Getting a handle on what to expect is tricky, since bank privacy complaints are not common and many complainants sign confidential settlements.
Banks are bound not just by privacy law but by a wider duty of confidence, which can help situations where a bank might have squeaked through without penalty under the Privacy Act.
Bankers Association chief Kirk Hope says there are few times when a bank can legally divulge your information: "You've got compulsion by law, a public duty to divulge the information, or where a bank has to disclose information to protect its own interests , for example in a court case. Or where the customer agrees to it, for example letting their information be used for marketing purposes." Even divulging details to police can be challenged, if police don't have a warrant.
"Bear in mind that bank staff do have to access all sorts of your information at different times but overarching that is the duty of confidentiality," says Hope.
People often want to know what happens to bank staff who look at their accounts when they shouldn't. Banks won't tell them, ironically to protect staff privacy.
But Hope says the consequences for staff tend to be serious, including termination. "They are extremely serious breaches so in all likelihood an employee acting in that manner would be breaching their conditions of employment."
We perused some cases where wronged customers got payments, and, where possible, listed the settlements.
1 The landlord
Mr and Mrs J's landlord worked for a bank and they suspected she was viewing their transactions. The bank confirmed their suspicions and offered Mr and Mrs J $2000, which they thought was too low given the stress they were suffering from the landlord's alleged bad behaviour, including stealing their jewellery, spreading rumours and forcing them to move out suddenly. The banking ombudsman concluded the bank could not be held wholly responsible for the landlord's alleged actions that were unrelated to the privacy breach. It said $2,000 was reasonable.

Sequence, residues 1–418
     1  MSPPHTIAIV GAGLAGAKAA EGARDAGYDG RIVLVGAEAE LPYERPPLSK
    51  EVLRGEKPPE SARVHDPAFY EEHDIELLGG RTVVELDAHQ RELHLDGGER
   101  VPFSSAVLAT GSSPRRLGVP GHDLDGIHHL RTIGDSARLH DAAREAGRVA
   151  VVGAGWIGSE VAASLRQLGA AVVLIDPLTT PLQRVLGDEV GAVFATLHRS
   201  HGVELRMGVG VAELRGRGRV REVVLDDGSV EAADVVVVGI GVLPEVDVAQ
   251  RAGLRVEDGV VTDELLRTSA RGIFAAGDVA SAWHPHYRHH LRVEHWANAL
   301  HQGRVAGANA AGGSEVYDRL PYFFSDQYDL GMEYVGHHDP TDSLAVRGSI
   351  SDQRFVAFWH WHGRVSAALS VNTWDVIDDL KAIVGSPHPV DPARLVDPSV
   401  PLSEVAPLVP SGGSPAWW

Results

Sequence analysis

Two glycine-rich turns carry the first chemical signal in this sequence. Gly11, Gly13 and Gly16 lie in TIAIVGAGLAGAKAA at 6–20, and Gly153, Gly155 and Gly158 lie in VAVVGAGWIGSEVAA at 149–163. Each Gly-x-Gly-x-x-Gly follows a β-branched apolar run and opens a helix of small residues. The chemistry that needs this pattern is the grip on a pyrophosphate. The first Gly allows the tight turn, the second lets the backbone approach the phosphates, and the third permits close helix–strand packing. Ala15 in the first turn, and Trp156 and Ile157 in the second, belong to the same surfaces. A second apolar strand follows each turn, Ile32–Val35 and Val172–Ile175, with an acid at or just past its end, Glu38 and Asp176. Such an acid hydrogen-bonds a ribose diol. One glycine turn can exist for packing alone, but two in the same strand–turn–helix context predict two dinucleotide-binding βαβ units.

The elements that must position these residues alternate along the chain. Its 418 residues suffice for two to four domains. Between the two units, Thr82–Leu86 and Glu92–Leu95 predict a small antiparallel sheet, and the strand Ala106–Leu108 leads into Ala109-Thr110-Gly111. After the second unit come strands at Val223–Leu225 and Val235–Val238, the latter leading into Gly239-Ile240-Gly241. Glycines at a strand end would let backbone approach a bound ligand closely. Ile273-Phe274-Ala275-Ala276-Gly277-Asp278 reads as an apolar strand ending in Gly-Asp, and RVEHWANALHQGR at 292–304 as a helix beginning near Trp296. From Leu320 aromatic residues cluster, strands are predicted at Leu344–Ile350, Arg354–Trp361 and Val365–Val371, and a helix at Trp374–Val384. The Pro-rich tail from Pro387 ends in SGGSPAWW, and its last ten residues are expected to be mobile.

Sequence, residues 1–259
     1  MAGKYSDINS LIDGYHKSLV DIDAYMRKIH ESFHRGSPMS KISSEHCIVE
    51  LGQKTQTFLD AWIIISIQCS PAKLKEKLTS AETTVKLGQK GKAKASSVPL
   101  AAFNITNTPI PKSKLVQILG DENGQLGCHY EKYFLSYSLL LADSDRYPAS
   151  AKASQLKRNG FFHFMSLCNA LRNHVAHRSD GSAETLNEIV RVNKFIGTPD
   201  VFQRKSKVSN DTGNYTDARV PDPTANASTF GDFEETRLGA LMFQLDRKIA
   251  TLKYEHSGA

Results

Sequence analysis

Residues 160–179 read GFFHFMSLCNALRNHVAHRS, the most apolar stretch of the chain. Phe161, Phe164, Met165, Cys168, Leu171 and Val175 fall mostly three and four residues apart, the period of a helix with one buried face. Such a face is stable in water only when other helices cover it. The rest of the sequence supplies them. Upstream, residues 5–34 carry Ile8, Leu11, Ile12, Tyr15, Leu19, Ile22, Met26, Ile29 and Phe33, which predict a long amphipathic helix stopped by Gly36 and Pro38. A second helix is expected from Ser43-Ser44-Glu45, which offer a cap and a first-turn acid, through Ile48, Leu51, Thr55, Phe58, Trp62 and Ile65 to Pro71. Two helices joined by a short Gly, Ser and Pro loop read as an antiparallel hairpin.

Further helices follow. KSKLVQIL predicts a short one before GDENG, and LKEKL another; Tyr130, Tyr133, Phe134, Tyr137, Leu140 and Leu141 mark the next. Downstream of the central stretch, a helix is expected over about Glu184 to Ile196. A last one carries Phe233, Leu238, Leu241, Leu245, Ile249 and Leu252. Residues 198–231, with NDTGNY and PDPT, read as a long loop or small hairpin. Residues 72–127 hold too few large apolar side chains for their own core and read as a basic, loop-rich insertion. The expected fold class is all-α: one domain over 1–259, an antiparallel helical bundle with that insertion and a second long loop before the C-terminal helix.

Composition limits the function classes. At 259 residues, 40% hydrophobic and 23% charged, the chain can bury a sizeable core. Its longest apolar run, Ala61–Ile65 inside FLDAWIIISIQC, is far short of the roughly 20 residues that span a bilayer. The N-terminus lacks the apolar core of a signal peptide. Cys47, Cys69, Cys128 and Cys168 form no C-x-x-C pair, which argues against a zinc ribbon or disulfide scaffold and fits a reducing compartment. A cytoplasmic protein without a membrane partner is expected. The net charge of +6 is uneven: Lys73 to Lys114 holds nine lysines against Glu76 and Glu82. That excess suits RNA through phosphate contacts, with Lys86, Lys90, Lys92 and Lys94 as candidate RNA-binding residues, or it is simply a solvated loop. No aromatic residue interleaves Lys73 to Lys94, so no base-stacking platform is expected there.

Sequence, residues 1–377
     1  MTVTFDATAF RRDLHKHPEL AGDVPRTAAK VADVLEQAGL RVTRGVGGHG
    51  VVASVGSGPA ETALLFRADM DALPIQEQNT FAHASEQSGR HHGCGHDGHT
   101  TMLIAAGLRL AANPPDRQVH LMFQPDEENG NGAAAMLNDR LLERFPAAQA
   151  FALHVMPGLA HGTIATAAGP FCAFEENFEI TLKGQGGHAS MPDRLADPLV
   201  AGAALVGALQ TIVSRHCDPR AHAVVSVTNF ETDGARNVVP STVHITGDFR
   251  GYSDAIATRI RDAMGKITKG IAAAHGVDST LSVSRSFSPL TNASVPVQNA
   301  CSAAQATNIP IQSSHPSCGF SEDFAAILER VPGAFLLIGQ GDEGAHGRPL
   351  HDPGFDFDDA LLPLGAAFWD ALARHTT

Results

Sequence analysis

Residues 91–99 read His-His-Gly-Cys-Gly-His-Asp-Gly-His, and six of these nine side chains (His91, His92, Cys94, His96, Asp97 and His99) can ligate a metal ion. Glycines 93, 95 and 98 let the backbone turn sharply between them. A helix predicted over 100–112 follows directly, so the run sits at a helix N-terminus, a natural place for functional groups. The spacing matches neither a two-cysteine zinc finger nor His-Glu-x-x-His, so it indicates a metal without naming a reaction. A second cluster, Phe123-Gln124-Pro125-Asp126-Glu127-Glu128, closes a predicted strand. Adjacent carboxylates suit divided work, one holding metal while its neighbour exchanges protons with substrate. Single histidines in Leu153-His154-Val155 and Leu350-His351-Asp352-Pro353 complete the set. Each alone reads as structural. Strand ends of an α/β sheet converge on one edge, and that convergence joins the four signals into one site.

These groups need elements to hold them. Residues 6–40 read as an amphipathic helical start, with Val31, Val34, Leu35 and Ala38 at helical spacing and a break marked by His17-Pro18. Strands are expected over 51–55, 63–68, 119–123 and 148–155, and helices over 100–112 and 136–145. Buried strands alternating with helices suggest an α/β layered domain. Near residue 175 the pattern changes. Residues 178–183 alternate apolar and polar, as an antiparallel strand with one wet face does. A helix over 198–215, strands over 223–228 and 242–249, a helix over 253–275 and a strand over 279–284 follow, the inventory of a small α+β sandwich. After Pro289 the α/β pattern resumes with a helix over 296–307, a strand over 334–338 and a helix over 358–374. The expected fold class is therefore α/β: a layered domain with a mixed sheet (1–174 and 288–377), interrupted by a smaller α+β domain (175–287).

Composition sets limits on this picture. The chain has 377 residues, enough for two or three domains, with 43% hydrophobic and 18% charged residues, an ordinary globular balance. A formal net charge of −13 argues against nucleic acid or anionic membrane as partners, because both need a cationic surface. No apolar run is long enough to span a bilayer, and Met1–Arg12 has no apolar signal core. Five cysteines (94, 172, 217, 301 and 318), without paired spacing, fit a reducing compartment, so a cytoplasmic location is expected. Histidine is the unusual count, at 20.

2 The bad break-up
Mrs T had a bad breakup with her husband and moved to a gated community. She did not tell her ex where she lived. But after she asked the bank to top up a loan it mistakenly sent her ex-husband a letter confirming that he was the loan's guarantor and revealing her new address. The ex didn't try to contact Mrs T but she was still upset. The ombudsman backed the bank's offer of $1500 for inconvenience plus reimbursement for three hours of work she missed.
3 Bad breakup 2
A bank employee looked at Mr Z's account and passed the details to his estranged wife, who as a result demanded an extra $80,000 as part of a relationship property settlement. The ombudsman said the wife could have found out his bank balances legitimately through the relationship settlement process anyway but suggested $1000 for inconvenience was fair.
4 The credit check
This one was decided by the Privacy Commissioner. A married couple applied to open a savings account and the bank carried out a credit check without permission. The couple were turned down to open an account and later tracked down at their respective workplaces by debt collectors using workplace contact details the bank had supplied when requesting the credit check. The commissioner said the bank did not need to pass on the employment details to get a credit check and, anyway, did not not have permission to do a check. The bank made them a confidential payment.
5. The nosy teller
This is another Privacy Commissioner case. This time the bank proactively discovered the leak and alerted the customer. A teller had looked at a couple's account 58 times for no valid reason and passed the information to one of the couple's former partner. They had to change bank accounts and felt very stressed. The settlement reached "several thousand dollars" but the amount was confidential.
6. Confidence breach
This one involves Privacy Commissioner John Edwards when he worked as a lawyer before becoming commissioner. A bank let one of its staff take transaction information about a customer into a judicial hearing about a dispute between the employee and the customer. The bank argued it was safe from the Privacy Act because the information was needed for court proceedings. The customer sued for common law breach of confidence. Edwards, who has written about the case, said there was a "very handsome settlement" for his client but did not reveal the amount.